Using the Internet is crucial to the well-being of just about any business, and that will be proven again during the final quarter of the year.
I have written before about the value of using the Internet to further your business goals, and that is going to ring especially true during this final quarter of the year.
Some of you will be skeptical since I work for a company that makes its money from people going online. That, however, does not make the point any less valid. Sometimes, the numbers speak loudest:
- The US Commerce Department says that, last quarter, online sales posted their highest increase in three years
- Forrester Research and Shop.org predict that web sales will go up by 22% this year
- Digital cash registers will ring to the tune of more than $170-billion this year
ďThatís just great, Alex,Ē you say. ďBut my clientele is local; the Internet is for people who want things that are not available here.Ē There is some validity to that argument, but it is an incomplete answer. Pick a business and there is an online application that will help in some way. Take food delivery, for instance, not an enterprise typically noted for using the Internet. Would it help your eatery if hungry diners could go to your web site and see an online menu instead of calling so your staff can walk them through the options? What if they could email an order? What if they could also pay by credit card? All of this without your workers having to break stride, without the risk of someoneís bad phone manners chasing away business, and without the possibility of a customer being stuck on hold.
This scenario can be extended to almost any other industry, especially the ones that, at first glance, seem poorly suited to the Web, such as service-based companies. For example, a homeowner who needs an exterminator or wants lawn care will have dozens of options. It is not likely that this consumer will contact each service provider, so your business may be eliminated before it even has a chance to be considered.
Simply going online is no guarantee that consumers will find you, but increasingly, people turn to the Internet when looking for services of all types, even services that are available locally. Letís say the homeowner mentioned above types ďpest control, my cityĒ or ďlawn care services my communityĒ into a search engine. If you have a website, it should come up in the results. Prospects can see what you offer, compare your services versus the competition, even fill out an online form with contact information. The salesperson in each of you will see that a lead, and a good one at that. The website didnít close the deal, but it did open the door.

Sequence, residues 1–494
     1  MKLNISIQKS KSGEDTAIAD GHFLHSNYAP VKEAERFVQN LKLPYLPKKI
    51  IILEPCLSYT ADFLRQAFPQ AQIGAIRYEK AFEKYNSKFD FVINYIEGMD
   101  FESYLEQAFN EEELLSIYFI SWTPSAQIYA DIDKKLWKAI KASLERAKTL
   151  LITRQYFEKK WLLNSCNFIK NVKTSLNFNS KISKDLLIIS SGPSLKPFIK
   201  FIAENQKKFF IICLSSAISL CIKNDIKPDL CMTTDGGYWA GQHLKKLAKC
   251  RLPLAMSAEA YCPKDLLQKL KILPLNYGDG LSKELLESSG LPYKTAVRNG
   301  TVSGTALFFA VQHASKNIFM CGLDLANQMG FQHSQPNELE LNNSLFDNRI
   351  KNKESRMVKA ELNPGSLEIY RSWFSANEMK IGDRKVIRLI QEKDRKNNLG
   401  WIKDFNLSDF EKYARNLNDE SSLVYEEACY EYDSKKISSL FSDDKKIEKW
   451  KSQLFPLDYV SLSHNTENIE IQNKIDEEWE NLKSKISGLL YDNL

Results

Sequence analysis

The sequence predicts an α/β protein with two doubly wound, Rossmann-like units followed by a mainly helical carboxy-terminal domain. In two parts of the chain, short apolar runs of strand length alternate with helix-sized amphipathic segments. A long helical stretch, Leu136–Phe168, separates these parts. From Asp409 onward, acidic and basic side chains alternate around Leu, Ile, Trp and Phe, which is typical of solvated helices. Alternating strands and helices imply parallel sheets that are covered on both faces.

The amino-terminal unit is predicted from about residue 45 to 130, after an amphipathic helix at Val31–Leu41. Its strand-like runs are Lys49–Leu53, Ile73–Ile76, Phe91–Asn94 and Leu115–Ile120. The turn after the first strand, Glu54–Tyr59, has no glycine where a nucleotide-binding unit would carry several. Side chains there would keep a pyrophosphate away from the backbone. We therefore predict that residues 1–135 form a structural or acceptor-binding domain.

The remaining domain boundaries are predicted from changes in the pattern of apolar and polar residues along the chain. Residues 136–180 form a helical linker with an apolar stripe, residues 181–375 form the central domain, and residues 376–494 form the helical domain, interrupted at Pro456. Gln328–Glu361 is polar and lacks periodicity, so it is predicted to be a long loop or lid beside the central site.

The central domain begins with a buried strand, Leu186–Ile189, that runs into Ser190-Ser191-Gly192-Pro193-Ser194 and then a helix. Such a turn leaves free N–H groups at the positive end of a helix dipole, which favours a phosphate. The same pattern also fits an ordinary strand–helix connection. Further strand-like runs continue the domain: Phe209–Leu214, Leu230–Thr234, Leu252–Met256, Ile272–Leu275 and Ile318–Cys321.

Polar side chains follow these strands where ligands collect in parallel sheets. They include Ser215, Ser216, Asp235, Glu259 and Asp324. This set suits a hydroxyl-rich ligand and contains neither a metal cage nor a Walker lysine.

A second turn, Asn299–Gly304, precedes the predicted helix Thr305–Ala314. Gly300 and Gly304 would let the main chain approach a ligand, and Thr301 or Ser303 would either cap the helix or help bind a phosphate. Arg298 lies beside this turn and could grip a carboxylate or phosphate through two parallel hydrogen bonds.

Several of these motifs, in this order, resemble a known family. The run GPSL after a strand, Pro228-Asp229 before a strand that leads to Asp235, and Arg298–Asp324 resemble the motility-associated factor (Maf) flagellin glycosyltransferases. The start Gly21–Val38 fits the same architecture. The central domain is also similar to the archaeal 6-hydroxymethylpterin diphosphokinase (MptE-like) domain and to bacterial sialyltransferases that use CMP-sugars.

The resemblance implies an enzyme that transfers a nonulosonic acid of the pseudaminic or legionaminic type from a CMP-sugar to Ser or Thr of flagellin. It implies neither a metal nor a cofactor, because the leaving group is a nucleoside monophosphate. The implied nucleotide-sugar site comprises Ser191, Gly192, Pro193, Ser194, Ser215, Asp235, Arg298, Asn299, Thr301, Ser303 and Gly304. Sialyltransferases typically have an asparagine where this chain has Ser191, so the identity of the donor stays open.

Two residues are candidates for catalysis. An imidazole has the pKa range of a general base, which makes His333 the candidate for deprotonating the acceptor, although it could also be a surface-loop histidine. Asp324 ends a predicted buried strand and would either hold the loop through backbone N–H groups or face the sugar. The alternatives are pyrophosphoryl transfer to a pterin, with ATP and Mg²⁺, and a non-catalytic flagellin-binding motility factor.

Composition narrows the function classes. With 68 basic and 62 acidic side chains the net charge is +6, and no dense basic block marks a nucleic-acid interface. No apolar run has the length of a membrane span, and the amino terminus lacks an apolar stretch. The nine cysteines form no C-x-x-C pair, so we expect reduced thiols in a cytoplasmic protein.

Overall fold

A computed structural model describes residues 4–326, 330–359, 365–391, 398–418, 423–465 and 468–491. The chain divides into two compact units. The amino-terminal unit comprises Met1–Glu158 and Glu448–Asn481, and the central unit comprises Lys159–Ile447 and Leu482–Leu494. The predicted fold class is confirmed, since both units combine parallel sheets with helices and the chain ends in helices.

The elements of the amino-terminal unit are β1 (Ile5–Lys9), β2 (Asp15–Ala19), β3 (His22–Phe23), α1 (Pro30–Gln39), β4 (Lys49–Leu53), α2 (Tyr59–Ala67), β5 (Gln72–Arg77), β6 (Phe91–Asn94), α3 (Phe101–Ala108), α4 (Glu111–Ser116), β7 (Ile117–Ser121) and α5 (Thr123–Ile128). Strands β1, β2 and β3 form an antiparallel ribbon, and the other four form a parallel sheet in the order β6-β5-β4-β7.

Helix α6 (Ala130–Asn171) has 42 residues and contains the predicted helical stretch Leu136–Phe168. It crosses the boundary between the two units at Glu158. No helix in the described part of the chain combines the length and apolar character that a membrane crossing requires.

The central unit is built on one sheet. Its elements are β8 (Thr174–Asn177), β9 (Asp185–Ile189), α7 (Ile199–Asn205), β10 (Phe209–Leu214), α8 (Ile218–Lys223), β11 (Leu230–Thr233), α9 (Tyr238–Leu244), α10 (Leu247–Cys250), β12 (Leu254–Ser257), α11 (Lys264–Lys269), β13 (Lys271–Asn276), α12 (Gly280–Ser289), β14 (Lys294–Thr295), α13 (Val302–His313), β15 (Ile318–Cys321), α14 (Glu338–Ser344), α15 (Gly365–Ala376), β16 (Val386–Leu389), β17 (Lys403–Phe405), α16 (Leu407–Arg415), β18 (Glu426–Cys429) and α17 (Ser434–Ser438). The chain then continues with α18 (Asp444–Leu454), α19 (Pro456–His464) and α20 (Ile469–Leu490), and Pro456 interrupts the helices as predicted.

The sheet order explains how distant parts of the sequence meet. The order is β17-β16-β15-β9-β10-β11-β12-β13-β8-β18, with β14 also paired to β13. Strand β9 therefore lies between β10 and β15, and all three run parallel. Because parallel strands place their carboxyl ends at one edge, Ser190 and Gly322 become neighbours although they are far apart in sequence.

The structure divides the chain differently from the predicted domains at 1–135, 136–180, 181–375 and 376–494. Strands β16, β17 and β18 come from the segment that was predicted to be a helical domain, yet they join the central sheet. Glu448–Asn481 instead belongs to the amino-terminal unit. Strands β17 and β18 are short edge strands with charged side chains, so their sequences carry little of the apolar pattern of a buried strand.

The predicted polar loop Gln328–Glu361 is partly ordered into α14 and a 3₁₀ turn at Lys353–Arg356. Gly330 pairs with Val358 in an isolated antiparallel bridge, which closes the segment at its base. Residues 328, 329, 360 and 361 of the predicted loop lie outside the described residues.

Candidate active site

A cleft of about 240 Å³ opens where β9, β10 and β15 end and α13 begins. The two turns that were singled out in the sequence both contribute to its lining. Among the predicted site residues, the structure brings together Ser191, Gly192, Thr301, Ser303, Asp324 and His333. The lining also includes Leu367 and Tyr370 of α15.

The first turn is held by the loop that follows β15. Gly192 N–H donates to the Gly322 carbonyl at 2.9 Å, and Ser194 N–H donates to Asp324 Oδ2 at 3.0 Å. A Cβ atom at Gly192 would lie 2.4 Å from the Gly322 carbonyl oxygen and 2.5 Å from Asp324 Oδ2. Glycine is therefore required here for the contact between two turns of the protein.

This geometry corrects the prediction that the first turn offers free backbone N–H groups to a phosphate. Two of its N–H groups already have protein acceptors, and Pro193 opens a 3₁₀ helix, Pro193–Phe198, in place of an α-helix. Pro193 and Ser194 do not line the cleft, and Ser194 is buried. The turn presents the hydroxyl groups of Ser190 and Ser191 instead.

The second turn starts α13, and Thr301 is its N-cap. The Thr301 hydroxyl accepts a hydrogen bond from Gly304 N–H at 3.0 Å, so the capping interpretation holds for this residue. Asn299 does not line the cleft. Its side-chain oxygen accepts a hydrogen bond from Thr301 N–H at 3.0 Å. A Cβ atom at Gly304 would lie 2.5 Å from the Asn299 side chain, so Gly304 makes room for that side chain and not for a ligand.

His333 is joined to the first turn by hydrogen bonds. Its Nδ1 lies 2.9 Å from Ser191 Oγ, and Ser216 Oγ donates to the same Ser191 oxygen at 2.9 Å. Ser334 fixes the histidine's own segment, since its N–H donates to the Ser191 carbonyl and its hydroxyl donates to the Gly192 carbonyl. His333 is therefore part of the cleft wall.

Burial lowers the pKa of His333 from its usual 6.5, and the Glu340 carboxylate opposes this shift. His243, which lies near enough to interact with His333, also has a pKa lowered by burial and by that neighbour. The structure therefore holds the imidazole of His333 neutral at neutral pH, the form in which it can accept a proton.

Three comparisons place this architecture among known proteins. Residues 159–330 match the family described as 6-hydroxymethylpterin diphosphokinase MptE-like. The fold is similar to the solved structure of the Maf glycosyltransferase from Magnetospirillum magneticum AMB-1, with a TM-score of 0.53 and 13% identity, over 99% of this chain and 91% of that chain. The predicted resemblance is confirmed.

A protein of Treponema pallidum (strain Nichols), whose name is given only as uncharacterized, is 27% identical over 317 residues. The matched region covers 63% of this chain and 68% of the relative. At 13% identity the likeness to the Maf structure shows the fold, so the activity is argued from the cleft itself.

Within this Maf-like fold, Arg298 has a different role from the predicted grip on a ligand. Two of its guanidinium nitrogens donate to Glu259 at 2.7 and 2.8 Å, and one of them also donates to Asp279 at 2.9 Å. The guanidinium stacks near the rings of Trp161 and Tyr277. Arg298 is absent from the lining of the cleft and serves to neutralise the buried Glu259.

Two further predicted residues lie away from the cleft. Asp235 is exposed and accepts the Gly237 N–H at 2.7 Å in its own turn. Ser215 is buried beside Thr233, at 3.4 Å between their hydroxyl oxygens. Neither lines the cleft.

Still, youíre not convinced. Business has been good and local customers already know how to find you and are familiar with the product line. Does that mean you donít want more business? And, how do newcomers to town learn about you? Letís take that a step further; is your product limited to a locale clientele? The food delivery and homeowner examples above are, by nature, going to be geographically restricted. But, what if the food company carries certain spices, sauces, or marinades? What if the exterminator sells pest control products? What if the lawn care company also carries a line of fertilizers or herbicides?
Anthony Jordan is a plumbing contractor in South Carolina, but has regular customers in the Midwest, Rocky Mountains, and West Coast. Obviously, those customers donít expect Jordan to make house calls, but when looking for drain cleaners and related products, they go online and thatís where they find Jordan. Online sales are not the biggest portion of Jordanís business, but they are sales he would not otherwise make.
If there is a Ďbutí in this, itís that designing and marketing a website takes time and money. Customers wonít show up just because your website was built. Whether itís through paid advertising or including your web address on letterheads, business cards, and all other printed materials, you have to get the word out. You also have to do it consistently because the Internet is a crowded marketplace. Then again, isnít that where your business should be? As the famed philosopher Yogi Berra once said in describing a restaurant, ďNobody goes there anymore because itís too crowded.Ē Think about that for a second.
The coming holiday season is likely to notch a new set of online sales records and if you donít already have a website, that spending will pass you by. Thatís okay; the online business doesnít end with holiday buying. The fact is that, with each passing month, people are spending more and more online. How many more months are you willing to let pass your business by?
About The Author
Alex Lekas is VP / Corporate Communications for AIT (www.ait.com), a web hosting company serving 191,468 business domains in 107 countries
This article was posted on October 08, 2005